This example shows why it’s crucial to consider the top desirable outcomes from the redesign of hydraulic equipment. This puts people in a better position to see how e-load sensing might help and what other improvements could complement that feature.
E-Load Sensing Makes Equipment Components Perform More Reliably
Using electronic load sensors in hydraulic equipment can also enhance efficiency by promoting better reliability for specific components. One experiment involved using the load-sensing feature to influence the operations of a fan commonly used with air seeders.
Researchers connected the fan to the tractor's port and controlled it with a dedicated valve block and a sensor measured the direct load-sensing pressure. The team then started the fan with a defined flow and no damping parameters.
Without the benefit of the e-load-sensing systems, the fan experienced a high degree of oscillation. However, by applying an electronic load pressure filter, operators could substantially reduce the fan’s movement. This could lead to an air seeder’s fan working more consistently, causing more efficient equipment operation overall.
The people involved in the test also confirmed that manufacturers could achieve better efficiency by applying electronic load sensing to improve the interaction between a trailer and its attached tool or implement. Since e-load sensing allows customizing the hydraulic system to specific applications, the work performed can be optimized.
Relatedly, the data shown to operators allows them to see when efficiency levels drop unexpectedly. Such trends could indicate a hydraulic pump or other component needs replacement or maintenance. Users that get early alerts of such problems can avoid the issues that could cause long-term machine outages or related productivity disruptions.
Prioritizing Efficiency Makes Good Business Sense
Now that you have some examples of how electronic load sensing can bring better efficiency, you may wonder whether a more efficient machine can really make up for the money a company could save by buying a less expensive system.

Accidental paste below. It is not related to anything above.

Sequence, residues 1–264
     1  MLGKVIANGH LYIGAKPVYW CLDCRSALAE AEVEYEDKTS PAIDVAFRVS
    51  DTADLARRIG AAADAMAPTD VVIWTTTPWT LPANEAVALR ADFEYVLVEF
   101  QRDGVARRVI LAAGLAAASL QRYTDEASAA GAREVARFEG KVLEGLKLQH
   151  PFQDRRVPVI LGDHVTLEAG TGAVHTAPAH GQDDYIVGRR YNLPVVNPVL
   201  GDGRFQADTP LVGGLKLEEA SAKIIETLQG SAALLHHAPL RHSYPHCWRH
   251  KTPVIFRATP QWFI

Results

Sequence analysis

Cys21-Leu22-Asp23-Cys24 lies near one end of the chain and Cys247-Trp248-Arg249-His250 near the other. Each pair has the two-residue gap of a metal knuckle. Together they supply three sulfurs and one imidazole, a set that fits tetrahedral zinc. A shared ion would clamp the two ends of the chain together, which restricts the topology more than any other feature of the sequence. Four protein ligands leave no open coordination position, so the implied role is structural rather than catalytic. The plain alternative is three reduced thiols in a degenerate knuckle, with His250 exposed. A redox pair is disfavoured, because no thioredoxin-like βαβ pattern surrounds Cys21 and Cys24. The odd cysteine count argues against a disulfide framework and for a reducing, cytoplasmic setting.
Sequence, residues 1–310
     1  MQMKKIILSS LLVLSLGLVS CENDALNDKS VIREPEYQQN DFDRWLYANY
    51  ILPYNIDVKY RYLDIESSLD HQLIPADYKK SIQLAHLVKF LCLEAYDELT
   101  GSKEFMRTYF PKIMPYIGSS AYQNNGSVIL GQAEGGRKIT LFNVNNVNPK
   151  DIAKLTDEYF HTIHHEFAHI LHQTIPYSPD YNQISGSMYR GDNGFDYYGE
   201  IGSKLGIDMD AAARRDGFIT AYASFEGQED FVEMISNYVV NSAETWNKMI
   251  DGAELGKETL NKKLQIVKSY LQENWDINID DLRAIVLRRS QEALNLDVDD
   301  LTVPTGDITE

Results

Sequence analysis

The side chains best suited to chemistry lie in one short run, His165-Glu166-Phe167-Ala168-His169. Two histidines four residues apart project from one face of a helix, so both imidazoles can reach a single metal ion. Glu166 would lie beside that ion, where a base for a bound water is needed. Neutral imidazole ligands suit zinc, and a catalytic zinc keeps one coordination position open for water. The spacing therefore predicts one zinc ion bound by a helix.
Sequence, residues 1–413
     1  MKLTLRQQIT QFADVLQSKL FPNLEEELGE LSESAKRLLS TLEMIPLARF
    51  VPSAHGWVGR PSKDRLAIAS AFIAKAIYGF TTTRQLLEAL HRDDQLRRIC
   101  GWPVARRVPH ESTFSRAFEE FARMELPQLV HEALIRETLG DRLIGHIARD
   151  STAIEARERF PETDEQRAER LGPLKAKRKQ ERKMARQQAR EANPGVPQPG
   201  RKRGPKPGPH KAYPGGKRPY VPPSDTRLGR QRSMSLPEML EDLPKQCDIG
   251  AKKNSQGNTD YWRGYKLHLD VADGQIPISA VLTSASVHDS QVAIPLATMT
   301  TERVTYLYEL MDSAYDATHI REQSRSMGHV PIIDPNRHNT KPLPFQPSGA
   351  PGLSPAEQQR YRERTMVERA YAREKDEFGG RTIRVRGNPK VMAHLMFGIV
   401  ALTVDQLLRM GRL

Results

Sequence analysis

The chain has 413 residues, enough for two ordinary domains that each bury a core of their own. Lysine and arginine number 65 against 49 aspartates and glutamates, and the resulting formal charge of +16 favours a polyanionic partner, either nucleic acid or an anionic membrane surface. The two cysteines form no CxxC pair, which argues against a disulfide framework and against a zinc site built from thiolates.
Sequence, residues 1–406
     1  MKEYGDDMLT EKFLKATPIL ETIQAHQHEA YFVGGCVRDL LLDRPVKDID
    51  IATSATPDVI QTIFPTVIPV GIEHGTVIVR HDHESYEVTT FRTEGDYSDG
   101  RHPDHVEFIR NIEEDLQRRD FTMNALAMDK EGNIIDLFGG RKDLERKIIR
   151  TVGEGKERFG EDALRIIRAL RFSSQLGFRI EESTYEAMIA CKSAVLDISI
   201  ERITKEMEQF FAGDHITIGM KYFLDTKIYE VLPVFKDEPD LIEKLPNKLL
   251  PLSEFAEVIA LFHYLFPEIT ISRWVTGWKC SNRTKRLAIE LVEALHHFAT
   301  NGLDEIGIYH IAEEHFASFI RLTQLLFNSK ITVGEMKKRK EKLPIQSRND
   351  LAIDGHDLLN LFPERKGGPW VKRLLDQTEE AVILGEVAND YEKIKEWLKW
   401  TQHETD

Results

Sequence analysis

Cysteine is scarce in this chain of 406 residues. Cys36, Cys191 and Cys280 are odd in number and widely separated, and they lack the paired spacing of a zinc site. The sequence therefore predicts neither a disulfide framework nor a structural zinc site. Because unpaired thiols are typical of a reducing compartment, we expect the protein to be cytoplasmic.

The Hydraulic Institute published a fascinating study that helps people understand more about an equipment’s life cycle costs. The content gave the example of a typical 100-horsepower pump that costs $30,000 to purchase and install. Its owners ran the pump continuously at a full load, and that electricity cost 8 cents per kilowatt-hour. In that instance, electricity costs would reach $52,000 annually.
In the study’s example, installation costs account for only 4% of the pump’s lifetime energy costs, assuming that the pump lasts for 15 years and the operator runs it continuously, bringing energy costs to $780,000. A more efficient model reduces the required pump input power during operation, which keeps electricity expenses down.
It’s not always easy to initially justify the money, labor and time required to determine the best ways to make a hydraulic pump more efficient. However, e-load sensing can help get the intended results. This research shows that putting forth the effort could bring significant cost savings. Even if electronic load sensing alone does not result in all the desired gains, it’s a good starting point.
Take a Closer Look at E-Load Sensing
If you’ve got your sights set on better efficiency for your hydraulic pumps, electronic load sensing is well worth consideration. Before making any changes to existing machines or investing in new ones, choose metrics that’ll help you measure whether efficiency is going in the right direction after changes. That will make it easier to track the differences and make further adjustments if necessary.